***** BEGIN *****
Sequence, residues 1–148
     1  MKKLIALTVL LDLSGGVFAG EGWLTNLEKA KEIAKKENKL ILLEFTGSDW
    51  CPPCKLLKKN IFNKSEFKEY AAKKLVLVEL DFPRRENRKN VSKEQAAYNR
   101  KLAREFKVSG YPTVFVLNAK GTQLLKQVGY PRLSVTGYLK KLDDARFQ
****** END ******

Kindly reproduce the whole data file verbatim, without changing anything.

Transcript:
Sequence, residues 1–148
     1  MKKLIALTVL LDLSGGVFAG EGWLTNLEKA KEIAKKENKL ILLEFTGSDW
    51  CPPCKLLKKN IFNKSEFKEY AAKKLVLVEL DFPRRENRKN VSKEQAAYNR
   101  KLAREFKVSG YPTVFVLNAK GTQLLKQVGY PRLSVTGYLK KLDDARFQ